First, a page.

Those yellow-crowned night herons aren't rare birds in a South Jersey summer, Crewe said, which may be why there hasn't been a rush from the Cape May area - a world-famous magnet for birds, and birders - to a parking lot off an Ocean City bridge. Still, neither Crewe nor a CMBO colleague could think of another place in South Jersey where bird-watchers can stand comfortably and actually look down on the birds they're watching.
"Not around here, but I'm sure there are some other places" with similar setups, he said. And after he heard a description of the welcome center's vantage point - from a definite non-expert - Crewe said he wished he hadn't passed up a stop when he crossed the Ocean City causeway for his survey.
"I'm kicking myself for missing it," he said, adding he plans to fix that error - but probably not just now, because his expertise tells him the nesting season for those yellow-crowned herons is over for this summer.
"I might leave it until next year," he said, "but I'll certainly give it a look."
Still, Michelle Gillian, the executive director of the Ocean City Regional Chamber of Commerce - whose office is in the welcome center - knows many people have gotten the memo about this great new spot to spot great birds.
"The first few weeks we were here, I saw about 10 people lined up at the railing with binoculars and cameras, with these big lenses," Gillian says.
Before the welcome center even opened, "We knew it was something of a bird sanctuary," she says - to the point the building had to be moved slightly from its original planned location to accomodate the creatures already living on the little island. "But that area was saved and maintained, and the elevation is great for bird-watching. You can see right down into (the nests)."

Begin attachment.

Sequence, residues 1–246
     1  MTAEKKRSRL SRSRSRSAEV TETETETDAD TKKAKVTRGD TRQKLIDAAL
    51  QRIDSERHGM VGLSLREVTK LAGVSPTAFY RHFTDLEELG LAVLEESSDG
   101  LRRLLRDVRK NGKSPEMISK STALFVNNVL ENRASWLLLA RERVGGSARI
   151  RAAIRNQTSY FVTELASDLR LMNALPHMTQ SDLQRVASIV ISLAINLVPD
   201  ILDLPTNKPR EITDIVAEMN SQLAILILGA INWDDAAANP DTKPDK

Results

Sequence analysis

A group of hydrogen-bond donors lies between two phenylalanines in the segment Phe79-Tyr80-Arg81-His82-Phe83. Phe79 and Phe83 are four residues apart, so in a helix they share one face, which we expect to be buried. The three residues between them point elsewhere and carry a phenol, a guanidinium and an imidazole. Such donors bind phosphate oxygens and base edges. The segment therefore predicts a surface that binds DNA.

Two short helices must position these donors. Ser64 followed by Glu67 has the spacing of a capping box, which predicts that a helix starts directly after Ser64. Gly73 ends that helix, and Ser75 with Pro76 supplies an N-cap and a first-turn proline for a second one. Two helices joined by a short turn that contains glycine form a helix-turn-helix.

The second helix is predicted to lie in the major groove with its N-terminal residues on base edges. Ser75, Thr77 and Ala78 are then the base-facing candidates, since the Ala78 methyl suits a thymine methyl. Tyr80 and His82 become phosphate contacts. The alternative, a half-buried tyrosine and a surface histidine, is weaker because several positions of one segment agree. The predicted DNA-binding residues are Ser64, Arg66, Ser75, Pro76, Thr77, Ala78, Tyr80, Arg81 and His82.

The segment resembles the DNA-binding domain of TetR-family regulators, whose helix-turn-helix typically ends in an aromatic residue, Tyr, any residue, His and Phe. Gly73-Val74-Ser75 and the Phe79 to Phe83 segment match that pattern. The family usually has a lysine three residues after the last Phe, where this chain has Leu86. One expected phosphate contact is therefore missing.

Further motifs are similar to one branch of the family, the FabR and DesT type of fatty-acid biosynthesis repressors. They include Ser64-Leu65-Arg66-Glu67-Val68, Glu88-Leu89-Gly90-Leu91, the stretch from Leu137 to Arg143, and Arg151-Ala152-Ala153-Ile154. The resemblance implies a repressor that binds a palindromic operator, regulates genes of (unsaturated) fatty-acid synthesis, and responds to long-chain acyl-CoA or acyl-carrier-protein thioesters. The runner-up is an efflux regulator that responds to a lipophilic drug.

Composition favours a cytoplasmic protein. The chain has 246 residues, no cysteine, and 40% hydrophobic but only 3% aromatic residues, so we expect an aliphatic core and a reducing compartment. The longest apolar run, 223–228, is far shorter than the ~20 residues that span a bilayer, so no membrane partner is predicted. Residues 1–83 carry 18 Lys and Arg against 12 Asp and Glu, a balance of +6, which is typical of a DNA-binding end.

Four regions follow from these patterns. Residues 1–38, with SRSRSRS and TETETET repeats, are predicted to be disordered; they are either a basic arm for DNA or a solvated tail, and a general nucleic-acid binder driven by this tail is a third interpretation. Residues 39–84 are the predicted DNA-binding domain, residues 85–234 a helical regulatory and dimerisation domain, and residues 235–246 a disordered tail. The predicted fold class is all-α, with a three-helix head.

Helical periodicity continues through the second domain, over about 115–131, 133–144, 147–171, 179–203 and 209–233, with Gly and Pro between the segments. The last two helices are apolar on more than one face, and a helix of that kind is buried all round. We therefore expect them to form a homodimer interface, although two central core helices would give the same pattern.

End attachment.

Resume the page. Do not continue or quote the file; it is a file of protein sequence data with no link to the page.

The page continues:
She adds that "I don't think we knew it would be as successful as it's become" - but now that tourism officials do know that, they hope to produce a tourist brochure on bird's-eye birding opportunities at the welcome center.
"Ecotourism is one of the major attractions in Cape May County, especially in the off-season," says Gillian, who adds local officials have been happily promoting other recreation the new bridge offers. It's already a popular biking, running and walking spot - "It's the Boardwalk on the bay for us," in her words - and an easy place for fishermen to park and for kayakers to start and end tours of the bay.
Steve Croft, a retired real-estate agent who lives in Ocean City, actually found the visitor center as a fisherman. But once he got there and looked around, he was so amazed at all the birds he saw - and that he could see them from above - he put out the word to other members of his fishing club, the South Jersey Coastal Fly Anglers.
"I first saw them back in April, when they were nesting. It was totally unexpected ... probably 15 or 20 of them, and you could look right down into the nest with the birds doing this dance," Croft said. "Those birds have some incredibly beautiful plumage, at least while they're on the nest. And I'll bet that nobody who built that place had any idea that what they'd done was create a beautiful vantage point to see nature right in front of you - and made it totally accessible to everybody."